I named my business: Complete Writing Services. Since I really didn't have expertise in any area, why limit myself? I discovered a business ecology as fecund and diverse as the deepest Amazon jungle, which both fascinated and repelled me, threatening as it did to swallow me up in its limitless evolution of products, and copycat products, and the supply chains for those products, and the professional organizations supporting those supply chains, and on and on.

I'd grown lazy in the name of art, waiting on some poetic event to sweep me up, and being in business for myself forced me to reconnect effort to outcome. Later, when it would be time to push through as an artist, to stand in the unknown of a work, and require of myself the patience and focus to bring about the detail and meaning that completion demanded, I had those muscles of concentration and effort developed.

Just as crucial was that copywriting taught me to connect to audiences who weren't me. I wrote for teenage girls and retiree golfers, social climbing moms and tech obsessed engineers, and corporate folk of every rank and income range. I learned what they would consume and what they would not, and that the power to engage or alienate was entirely mine.

Going into business denied me the time and energy to obsess about my own work. When you don't take care of clients, they don't come back. I had to engage more fully, and couldn't coast, as I might have as an employee. I wrote my own stuff and then was forced to put it aside for the day. I gained some perspective on the metabolism of my subconscious, that it operates on its own rhythm, and doesn't really need the conscious me butting in all the time. I could just leave the writing until the next morning, where I picked it up fresh, much to my advantage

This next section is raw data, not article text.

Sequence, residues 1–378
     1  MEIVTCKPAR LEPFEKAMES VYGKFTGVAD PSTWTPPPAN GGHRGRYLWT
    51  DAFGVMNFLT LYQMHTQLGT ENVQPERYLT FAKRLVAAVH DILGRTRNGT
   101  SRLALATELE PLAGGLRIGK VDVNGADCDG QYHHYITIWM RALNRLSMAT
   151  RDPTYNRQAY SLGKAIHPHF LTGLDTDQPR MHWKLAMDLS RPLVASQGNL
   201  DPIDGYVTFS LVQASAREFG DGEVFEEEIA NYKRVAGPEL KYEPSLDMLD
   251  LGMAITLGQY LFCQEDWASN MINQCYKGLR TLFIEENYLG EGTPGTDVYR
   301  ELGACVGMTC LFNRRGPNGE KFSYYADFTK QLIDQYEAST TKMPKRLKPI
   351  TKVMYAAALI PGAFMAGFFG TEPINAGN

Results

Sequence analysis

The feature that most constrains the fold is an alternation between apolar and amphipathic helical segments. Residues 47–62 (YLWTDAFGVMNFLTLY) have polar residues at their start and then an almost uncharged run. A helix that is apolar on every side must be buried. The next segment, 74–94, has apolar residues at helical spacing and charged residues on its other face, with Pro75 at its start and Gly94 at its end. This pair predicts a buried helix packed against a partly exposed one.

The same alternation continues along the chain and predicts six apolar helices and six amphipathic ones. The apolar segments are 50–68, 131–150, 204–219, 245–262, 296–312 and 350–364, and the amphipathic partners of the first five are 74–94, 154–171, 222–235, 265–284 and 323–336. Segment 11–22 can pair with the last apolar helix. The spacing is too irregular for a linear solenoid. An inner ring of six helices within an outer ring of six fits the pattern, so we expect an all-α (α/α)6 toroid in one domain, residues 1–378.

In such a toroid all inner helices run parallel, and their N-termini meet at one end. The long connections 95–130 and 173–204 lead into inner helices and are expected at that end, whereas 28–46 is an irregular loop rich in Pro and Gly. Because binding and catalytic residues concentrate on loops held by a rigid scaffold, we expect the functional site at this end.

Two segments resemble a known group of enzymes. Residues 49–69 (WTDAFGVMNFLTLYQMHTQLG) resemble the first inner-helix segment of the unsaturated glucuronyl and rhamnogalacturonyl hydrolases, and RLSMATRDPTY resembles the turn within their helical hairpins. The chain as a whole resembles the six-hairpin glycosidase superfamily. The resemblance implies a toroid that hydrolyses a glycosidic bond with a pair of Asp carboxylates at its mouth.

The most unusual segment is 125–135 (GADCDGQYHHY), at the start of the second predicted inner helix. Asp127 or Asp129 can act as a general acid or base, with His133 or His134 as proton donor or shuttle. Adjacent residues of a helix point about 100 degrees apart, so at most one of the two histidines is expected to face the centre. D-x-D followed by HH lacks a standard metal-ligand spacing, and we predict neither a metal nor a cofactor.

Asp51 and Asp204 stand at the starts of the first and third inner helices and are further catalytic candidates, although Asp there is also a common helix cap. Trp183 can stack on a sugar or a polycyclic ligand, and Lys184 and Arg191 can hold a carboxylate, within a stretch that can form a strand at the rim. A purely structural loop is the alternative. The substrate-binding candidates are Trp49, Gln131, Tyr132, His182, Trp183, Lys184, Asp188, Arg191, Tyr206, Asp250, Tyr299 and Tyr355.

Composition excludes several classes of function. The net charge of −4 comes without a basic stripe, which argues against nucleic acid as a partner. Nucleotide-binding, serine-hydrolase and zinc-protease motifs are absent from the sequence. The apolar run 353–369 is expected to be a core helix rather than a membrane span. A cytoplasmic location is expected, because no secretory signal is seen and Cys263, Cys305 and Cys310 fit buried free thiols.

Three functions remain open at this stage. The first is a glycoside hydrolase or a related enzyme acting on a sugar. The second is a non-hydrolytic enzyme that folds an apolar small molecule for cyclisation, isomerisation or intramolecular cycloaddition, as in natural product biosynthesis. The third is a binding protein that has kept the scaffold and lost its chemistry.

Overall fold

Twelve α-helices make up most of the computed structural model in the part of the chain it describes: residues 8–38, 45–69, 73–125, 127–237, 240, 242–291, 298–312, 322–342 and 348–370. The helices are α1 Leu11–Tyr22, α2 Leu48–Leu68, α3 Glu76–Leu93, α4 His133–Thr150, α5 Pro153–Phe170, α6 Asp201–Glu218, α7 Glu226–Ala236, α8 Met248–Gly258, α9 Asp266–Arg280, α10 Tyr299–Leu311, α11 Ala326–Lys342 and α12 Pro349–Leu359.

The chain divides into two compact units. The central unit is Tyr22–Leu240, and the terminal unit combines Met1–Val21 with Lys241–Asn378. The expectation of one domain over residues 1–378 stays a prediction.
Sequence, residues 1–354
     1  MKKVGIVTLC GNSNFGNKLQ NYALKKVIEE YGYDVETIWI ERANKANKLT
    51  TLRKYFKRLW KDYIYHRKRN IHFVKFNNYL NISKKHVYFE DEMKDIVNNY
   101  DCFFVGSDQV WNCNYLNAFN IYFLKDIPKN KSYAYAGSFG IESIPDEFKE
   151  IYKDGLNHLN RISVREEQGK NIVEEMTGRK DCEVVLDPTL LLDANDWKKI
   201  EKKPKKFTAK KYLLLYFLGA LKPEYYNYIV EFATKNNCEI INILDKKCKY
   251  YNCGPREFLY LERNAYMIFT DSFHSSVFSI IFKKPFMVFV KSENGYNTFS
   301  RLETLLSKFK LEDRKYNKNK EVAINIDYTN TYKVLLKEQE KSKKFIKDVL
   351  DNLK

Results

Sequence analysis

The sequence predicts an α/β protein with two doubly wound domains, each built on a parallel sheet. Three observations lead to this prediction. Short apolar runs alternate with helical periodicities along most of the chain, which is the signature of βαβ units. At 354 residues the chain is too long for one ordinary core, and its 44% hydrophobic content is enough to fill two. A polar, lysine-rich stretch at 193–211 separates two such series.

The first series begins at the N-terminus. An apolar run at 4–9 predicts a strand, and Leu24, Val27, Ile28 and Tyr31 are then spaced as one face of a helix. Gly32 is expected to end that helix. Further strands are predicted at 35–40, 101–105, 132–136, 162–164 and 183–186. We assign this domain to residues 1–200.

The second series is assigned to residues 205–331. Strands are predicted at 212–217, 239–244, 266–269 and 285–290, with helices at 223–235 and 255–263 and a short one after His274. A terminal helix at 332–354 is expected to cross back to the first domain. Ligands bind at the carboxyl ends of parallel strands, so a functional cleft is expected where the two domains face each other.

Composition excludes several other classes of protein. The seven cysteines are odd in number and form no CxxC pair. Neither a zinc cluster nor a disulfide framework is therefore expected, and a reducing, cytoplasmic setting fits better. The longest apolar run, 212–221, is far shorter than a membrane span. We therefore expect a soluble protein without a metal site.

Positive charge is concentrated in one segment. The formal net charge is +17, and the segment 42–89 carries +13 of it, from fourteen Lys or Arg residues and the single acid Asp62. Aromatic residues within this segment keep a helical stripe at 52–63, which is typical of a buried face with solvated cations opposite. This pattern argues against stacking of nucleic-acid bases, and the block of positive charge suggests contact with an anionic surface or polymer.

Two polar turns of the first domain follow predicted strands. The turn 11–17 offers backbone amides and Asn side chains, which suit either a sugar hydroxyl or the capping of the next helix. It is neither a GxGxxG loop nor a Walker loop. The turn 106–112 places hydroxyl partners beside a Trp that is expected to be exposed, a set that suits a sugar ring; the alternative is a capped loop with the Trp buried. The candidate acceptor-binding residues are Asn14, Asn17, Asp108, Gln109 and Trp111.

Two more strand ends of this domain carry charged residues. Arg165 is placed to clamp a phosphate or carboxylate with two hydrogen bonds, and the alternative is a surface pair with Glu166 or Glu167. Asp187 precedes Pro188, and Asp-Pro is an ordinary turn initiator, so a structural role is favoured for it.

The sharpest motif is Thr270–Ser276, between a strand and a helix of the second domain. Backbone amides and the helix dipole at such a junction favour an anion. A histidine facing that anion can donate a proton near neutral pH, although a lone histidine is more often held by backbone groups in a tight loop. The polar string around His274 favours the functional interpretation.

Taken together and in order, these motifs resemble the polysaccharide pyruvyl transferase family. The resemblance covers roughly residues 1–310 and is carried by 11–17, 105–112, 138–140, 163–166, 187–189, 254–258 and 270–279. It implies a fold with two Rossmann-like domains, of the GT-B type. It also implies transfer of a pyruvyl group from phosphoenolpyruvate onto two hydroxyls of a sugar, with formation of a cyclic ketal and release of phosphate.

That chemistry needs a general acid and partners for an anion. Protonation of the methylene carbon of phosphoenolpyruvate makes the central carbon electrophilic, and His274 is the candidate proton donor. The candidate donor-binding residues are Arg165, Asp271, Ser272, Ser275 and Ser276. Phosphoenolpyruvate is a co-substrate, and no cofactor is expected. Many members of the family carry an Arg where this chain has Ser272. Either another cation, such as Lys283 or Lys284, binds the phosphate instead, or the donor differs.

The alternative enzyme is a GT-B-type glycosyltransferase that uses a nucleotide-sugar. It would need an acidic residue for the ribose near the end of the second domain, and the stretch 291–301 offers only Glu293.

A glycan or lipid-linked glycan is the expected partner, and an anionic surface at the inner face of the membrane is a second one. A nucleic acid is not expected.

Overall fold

I learned to broaden myself by working on multiple projects at once, taking each as far as circumstances, like client feedback, would allow, then letting it go and picking up the next one. That's how you make money. Not by sitting on the same project like a mother hen waiting for it to hatch. This has carried over into my own writing, where pursuing a diversity of projects has helped liberate me from some of the tyranny of waiting—waiting on clarity, waiting on editors and producers, waiting, basically, on the future.

But above all, going into business built, over time, a value of myself in the marketplace. I learned to be a passable copywriter and then a very good one, how to estimate projects and manage clients. But I also learned how to ask for money; I learned to get paid.

Unfortunately, writers today are largely learning to not get paid. Our expectations start low and only dip lower as we become more informed of our plight as artists. The dynamics of today's MFA culture tend to work against us gaining a greater sense of our dollar value. We have teachers modeling a paradigm of success—teaching in the MFA system—that most of their students will not realize at a comparable level. But even so, many of these teachers are already under-valued themselves. Hence the talk of needing patrons.

We might also honestly ask ourselves: are we really all teachers? Or have we somehow professionally clichéd ourselves. Even when writers do take on a more entrepreneurial posture, as I am advocating for, it is often in the form of their own writing workshop. Of course, this can be successful on a limited basis. But in general, focusing on gaining revenue from the people we know have little money—other writers—is not a sound strategy for sustainability.